This opinion will be unpublished and
may not be cited except as provided by
Minn. Stat. 480A.08, subd. 3 (1996).


State of Minnesota,


Jay Edward Smith,

Filed September 8, 1998
Kalitowski, Judge

St. Louis County District Court
File No. K197600687

Hubert H. Humphrey III, Attorney General, 1400 NCL Tower, 445 Minnesota Street, St. Paul, MN 55101; and

Alan Mitchell, St. Louis County Attorney, John E. DeSanto, Assistant County Attorney, 100 North Fifth Avenue West, Duluth, MN 55802 (for respondent)

John M. Stuart, State Public Defender, Susan J. Andrews, Assistant State Public Defender, 2829 University Avenue S.E., #600, Minneapolis, MN 55414 (for appellant)

Considered and decided by Kalitowski, Presiding Judge, Amundson, Judge, and Willis, Judge.

U N P U B L I S H E D   O P I N I O N


Appellant, who pleaded guilty to the charge of attempted second-degree intentional murder, argues that the district court abused its discretion by sentencing him to the statutory maximum of 240 months of imprisonment instead of the presumptive sentence of 153 months. We affirm.


An appellate court will not reverse a departure from sentencing guidelines absent a clear abuse of the court's discretion. State v. Garcia, 302 N.W.2d 643, 647 (Minn. 1981). If reasons for the departure are stated on the record and the reasons justify the departure, the departure will be allowed. Williams v. State, 361 N.W.2d 840, 844 (Minn. 1985).

If the record supports findings that substantial and compelling circumstances exist, this court will not modify the departure unless it has a "strong feeling" that the sentence is disproportional to the offense.

State v. Anderson, 356 N.W.2d 453, 454 (Minn. App. 1984).

The district court cited three reasons supporting an upward departure from the sentencing guidelines. These reasons, which were stated on the record during the sentencing hearing and included in a departure report, were: (1) the vulnerability of the victim at the time of the attack; (2) the brutality of the attack, which the court found to constitute particular cruelty; and (3) the severity of the victim's injuries.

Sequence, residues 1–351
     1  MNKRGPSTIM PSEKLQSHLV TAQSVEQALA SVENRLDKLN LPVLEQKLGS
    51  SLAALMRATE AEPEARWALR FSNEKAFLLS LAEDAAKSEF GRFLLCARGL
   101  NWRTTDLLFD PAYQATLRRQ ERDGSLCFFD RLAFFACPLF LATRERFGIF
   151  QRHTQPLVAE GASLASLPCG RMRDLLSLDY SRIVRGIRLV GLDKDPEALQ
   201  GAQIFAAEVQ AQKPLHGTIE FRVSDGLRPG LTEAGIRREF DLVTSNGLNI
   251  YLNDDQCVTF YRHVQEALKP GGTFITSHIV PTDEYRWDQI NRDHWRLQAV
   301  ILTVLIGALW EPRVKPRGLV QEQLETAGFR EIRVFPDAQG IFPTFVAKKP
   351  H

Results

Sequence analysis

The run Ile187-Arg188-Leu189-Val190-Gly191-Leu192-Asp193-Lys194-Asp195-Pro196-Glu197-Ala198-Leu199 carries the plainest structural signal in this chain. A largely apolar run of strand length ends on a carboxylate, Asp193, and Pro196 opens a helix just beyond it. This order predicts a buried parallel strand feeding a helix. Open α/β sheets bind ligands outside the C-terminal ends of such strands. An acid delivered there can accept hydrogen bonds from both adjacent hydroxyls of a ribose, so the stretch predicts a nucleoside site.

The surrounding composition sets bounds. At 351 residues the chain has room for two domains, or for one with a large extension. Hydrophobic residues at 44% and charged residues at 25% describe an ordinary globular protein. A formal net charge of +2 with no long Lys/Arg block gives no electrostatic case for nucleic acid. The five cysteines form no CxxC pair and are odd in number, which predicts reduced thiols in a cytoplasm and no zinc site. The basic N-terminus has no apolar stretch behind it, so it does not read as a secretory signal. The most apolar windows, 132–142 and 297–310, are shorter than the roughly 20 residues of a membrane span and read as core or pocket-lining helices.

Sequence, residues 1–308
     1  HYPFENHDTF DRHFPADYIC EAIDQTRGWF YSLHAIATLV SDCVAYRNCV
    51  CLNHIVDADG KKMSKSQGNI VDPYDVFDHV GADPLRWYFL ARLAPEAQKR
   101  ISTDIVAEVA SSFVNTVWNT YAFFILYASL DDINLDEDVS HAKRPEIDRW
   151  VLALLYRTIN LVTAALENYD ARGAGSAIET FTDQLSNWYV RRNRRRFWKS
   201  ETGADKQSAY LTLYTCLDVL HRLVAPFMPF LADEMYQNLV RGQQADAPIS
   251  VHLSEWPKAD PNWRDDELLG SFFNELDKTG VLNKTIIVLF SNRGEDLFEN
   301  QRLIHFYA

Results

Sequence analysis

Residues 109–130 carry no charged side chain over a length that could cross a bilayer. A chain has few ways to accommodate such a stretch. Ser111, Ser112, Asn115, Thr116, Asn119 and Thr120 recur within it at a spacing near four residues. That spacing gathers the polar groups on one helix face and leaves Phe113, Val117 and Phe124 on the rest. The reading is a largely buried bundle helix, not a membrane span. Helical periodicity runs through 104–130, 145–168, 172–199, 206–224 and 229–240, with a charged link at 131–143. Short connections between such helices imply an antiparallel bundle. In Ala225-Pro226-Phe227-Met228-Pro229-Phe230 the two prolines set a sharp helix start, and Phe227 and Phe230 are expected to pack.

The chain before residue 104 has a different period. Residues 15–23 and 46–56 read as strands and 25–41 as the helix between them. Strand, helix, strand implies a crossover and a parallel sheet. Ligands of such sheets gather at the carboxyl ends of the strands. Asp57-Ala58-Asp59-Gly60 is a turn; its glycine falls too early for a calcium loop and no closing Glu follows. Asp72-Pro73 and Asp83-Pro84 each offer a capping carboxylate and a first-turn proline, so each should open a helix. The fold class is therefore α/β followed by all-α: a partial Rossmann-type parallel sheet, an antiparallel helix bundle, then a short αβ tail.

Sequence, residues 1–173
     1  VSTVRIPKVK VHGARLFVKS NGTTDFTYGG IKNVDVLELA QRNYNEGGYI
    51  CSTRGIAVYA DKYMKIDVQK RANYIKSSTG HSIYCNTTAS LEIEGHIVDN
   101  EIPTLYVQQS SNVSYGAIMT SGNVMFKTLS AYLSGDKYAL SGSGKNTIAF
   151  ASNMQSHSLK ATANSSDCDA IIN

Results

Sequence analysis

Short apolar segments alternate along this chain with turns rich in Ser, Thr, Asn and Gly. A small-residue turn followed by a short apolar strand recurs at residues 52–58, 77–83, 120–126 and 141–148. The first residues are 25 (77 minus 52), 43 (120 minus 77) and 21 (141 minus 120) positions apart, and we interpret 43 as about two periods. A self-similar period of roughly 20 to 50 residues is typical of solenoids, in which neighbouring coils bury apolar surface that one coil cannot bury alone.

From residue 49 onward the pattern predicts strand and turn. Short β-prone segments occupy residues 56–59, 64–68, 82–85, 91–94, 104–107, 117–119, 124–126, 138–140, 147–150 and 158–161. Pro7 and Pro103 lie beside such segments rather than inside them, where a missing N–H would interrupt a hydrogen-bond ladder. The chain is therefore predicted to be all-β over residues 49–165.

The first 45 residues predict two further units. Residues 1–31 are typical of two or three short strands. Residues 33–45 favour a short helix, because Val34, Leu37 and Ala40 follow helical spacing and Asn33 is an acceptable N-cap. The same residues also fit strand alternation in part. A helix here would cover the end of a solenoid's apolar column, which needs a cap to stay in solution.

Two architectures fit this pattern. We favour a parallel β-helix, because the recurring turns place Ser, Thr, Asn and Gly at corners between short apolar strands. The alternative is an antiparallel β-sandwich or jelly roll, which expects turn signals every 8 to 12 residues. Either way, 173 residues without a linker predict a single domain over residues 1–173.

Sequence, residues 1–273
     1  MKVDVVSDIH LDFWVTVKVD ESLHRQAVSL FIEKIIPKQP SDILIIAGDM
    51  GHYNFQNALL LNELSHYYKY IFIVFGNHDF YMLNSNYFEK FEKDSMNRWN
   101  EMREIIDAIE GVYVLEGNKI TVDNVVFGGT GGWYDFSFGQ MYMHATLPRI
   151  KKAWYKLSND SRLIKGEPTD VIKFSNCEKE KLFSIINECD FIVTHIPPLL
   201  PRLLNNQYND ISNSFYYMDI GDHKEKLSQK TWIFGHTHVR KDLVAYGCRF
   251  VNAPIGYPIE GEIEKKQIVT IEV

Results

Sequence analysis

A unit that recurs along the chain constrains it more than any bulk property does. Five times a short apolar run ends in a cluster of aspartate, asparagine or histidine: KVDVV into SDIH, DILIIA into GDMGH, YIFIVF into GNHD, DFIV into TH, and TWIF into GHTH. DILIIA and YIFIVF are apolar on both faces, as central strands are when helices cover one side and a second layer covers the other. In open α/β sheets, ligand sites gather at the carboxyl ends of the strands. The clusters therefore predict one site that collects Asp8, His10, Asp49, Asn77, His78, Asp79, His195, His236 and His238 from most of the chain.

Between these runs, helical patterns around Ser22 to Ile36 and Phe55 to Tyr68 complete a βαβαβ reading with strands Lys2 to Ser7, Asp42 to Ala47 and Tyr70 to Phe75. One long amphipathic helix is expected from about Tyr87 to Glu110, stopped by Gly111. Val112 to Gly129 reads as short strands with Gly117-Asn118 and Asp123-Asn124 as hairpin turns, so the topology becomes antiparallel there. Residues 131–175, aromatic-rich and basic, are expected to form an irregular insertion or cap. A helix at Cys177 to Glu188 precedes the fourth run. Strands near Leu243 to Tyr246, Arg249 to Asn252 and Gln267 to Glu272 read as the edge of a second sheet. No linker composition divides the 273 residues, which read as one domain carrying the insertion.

The Minnesota Sentencing Guidelines provide a nonexclusive list of aggravating factors that may be used as reasons for an upward departure. Included in this list are:

(1) The victim was particularly vulnerable due to age, infirmity, or reduced physical or mental capacity, which was known or should have been known to the offender.

(2) The victim was treated with particular cruelty for which the individual offender should be held responsible.

Minn. Sent. Guidelines II.D.2 (b)(1)-(2).

Whether cruelty is sufficient to justify a departure is a matter of degree. See Holmes v. State, 437 N.W.2d 58, 59 (Minn. 1989). Generally, a district court must decide whether the defendant's conduct was significantly more or less serious than that typically involved in an attempted murder. Id. See State v. Kisch, 346 N.W.2d 130, 132-33 (Minn. 1984) (finding that defendant's conduct was more serious than the typical felony murder where aggressors administered four blows to the skull with a board, causing the victim's skull literally to "explode").

We conclude the district court did not err in determining that the way the victim was stomped to death was sufficiently more cruel than the typical attempted murder. The record indicates: (1) the victim was beaten while on the ground and immobile; (2) the victim was kicked in the head and stomped so many times that appellant's shoes left imprints on the victim's body; and (3) a number of witnesses claimed they pleaded with appellant to stop the beating, but appellant continued.

The district court also found the victim to be particularly vulnerable due to reduced physical capacity. The victim was lying motionless on the ground as a result of appellant's blows yet appellant continued to stomp on the victim's head and upper body. We conclude that under these facts, the district court did not abuse its discretion when it found this victim to be vulnerable.

Appellant contends the district court erred by ignoring the mitigating factor that the victim, not appellant, was the aggressor. We disagree. It is unclear from the record, and appellant has failed to prove, that the victim was the initial aggressor. Further, even if the victim was the initial aggressor, the evidence in the record supports the district court's decision to order an upward durational departure from the presumptive guidelines.